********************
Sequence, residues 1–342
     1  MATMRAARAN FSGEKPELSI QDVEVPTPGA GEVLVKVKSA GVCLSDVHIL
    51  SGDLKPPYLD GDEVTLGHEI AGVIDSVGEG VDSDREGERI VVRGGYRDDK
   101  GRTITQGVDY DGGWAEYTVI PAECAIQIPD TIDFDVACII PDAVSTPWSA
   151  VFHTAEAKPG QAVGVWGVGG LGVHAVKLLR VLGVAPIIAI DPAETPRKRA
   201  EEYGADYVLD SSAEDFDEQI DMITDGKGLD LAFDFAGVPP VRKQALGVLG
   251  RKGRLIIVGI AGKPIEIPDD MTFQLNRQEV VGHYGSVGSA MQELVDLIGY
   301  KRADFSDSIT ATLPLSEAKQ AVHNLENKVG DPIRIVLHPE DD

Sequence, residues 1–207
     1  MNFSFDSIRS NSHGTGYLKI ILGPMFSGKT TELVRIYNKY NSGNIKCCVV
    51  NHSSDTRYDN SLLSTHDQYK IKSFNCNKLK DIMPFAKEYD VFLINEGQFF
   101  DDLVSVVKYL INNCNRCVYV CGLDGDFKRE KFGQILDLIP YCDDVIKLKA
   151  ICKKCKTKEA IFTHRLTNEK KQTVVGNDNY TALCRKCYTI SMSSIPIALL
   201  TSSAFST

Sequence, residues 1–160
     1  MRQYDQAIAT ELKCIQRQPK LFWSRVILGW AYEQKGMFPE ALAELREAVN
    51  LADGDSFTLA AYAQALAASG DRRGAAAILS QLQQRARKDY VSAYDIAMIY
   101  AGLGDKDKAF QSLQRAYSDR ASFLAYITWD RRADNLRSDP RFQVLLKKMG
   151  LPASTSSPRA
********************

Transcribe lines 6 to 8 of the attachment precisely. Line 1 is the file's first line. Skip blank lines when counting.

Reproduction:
   201  EEYGADYVLD SSAEDFDEQI DMITDGKGLD LAFDFAGVPP VRKQALGVLG
   251  RKGRLIIVGI AGKPIEIPDD MTFQLNRQEV VGHYGSVGSA MQELVDLIGY
   301  KRADFSDSIT ATLPLSEAKQ AVHNLENKVG DPIRIVLHPE DD